Joseph's family were Polish Jews. During the Second World War, when he was ten years-old, they fled their home and spent two years in hiding in a root cellar. When the war was over, to escape continued anti-Jewish sentiment in Poland, Joseph came to Canada, arriving in Quebec in 1950.

Wellington Avenue, Winnipeg
November 16, 1963, Winnipeg Free Press

Joseph and Ruth took over Westhome Foods in late 1954 or early 1955 and in 1963 relocated across the street to 737 Wellington. The old store spent a couple of years up for lease until 1965 when it was converted into a duplex marketed as the Tavistock Annex. Each unit, numbered 705 and 709 beverley Street, contained four rooms plus a basement.

It is possible that Verdin could still have owned the building when the Riesenbachs moved and, when it didn't lease, sold it presumably the owner of the Tavistock who converted it into housing. (After five decades living at the Tavistock, he surely must have known the building's owner well !)

 724 Wellington Avenue, 

By 2012 the property, still part of the neighbouring Tavistock Apartments, was in disrepair. The owner had the former grocery store portion rezoned to multi-family residential in order to replace it with a new, seven unit, 3.5 storey apartment building.

In September 2015 the rezoning was extended for another two year period. An exact timeline for construction has not been set.


My photo album of 724 and 730 Wellington Avenue
For more about Joe Riesenbach 

Friday, August 28, 2015

277 1/2 River Avenue - Royal Oak Annex

Top: ca. 1960, 
Source: Archives of MB - Architectural Survey - River Ave

Place: Royal Oak Annex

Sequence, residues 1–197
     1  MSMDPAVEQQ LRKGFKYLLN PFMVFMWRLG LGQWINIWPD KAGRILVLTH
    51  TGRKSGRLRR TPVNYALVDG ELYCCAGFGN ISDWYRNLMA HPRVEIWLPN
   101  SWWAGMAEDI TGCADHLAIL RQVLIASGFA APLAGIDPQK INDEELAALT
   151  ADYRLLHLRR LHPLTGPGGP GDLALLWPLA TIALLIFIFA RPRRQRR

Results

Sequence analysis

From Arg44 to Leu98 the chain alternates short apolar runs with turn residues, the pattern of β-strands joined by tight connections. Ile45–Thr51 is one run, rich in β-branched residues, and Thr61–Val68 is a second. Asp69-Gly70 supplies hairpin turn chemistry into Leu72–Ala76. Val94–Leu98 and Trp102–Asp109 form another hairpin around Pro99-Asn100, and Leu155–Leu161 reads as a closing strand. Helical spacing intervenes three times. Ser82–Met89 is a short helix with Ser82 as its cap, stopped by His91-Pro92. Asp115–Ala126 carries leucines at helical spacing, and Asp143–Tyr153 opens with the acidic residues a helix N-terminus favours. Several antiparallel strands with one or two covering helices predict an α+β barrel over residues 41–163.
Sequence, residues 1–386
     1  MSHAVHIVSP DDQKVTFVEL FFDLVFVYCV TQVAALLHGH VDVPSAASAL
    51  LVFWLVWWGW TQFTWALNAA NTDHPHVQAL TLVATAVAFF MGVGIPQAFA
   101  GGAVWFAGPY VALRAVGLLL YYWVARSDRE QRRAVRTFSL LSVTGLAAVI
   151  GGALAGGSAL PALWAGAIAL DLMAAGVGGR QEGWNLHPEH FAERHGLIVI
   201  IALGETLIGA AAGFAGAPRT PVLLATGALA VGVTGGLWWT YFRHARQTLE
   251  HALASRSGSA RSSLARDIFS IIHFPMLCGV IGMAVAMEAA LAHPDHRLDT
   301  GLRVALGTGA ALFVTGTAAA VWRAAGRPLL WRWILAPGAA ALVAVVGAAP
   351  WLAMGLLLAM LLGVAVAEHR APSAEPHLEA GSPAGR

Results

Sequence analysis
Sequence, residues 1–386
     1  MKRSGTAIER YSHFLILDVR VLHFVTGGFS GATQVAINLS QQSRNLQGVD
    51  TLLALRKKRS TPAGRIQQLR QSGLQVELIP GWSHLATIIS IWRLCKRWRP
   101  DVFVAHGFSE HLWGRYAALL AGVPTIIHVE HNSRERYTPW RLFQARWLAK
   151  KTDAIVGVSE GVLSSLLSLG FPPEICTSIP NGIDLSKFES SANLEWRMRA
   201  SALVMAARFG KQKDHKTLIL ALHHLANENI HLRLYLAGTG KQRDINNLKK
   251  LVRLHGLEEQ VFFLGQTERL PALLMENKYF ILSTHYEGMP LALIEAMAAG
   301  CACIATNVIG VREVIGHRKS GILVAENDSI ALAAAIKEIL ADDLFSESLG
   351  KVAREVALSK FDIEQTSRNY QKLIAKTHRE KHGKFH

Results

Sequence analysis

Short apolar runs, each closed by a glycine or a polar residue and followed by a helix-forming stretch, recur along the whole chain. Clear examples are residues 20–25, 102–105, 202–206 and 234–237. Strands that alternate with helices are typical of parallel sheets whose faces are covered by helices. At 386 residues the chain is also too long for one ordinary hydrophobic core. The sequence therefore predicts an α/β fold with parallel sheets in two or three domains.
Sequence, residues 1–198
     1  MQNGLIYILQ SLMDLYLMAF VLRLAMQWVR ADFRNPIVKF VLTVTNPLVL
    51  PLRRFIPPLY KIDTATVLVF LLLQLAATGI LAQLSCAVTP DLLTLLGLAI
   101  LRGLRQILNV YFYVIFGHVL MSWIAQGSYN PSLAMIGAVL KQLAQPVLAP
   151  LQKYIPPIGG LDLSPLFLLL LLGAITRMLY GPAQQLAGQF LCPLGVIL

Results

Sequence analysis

Address: 277 1/2 River Avenue (Map)
Built: 1891? Demolished: August 2015
Architect: Unknown
Contractor: Unknown

Fort Rouge Park ca. 1910 (Source)

The recently demolished property at 277 1/2  River was built as number 277 River around 1891 on what was a heavily wooded and very rural looking River Avenue. At the time, there were only eight properties between Clarke and Osborne streets.

The following year, the city’s first parks board bought the neighbouring 4.85 acres to create Assiniboine Park,  which was renamed Fort Rouge Park in 1905 when the current Assiniboine Park was developed. A couple of 1895 newspaper articles noted that it was an easy park to create, just a matter of clearing the underbrush and removing a few of the densely packed trees to create paths and a small lawn area in which gardens were planted.

In 1900 the lawn was enlarged and a bandstand built. For years to come, the park featured regular concerts, picnics and other events.

November 7, 1903, Winnipeg Tribune

As this home was tucked away in a leafy suburb of the city, its construction didn't get any attention in the daily papers, so it is unclear who built it and exactly when. It appears that 277 River initially was a single family home but likely had servants quarters at the rear that were sometimes rented out.

Though a streetcar service was in place as early as 1890 linking Main Street and Osborne, it would be another decade before residential development really took off as river lots were subdivided into hundreds of residential lots.

Margaret Brough, ca. 1930s 
August 18, 1892, Manitoba Free Press

Looking back through the Henderson Directories, the first resident of 277 River was Richard "Dick" Brough and family. He came to Winnipeg in the late 1880s as the assistant postal inspector for Manitoba. In 1886 he was promoted to assistant postmaster for the province, one of the highest paying civil service jobs in the region at $2,000 per year.

His wife, Margaret (nee Gentles), was originally from Moose Jaw and they raised at least two children. By 1895 they had moved to a home on Kennedy Street.

The next owner was lawyer William A. Taylor. In 1882 he was called to Manitoba Bar. The following year was elected secretary of the Law Society of Manitoba and was president of the Winnipeg Literary Club. In 1886 Taylor worked on the first editions of  the Manitoba Law Reports, the predecessor of the Manitoba Law Journal, and became librarian of the Law Society.

J. B. Allan, ca. 1920s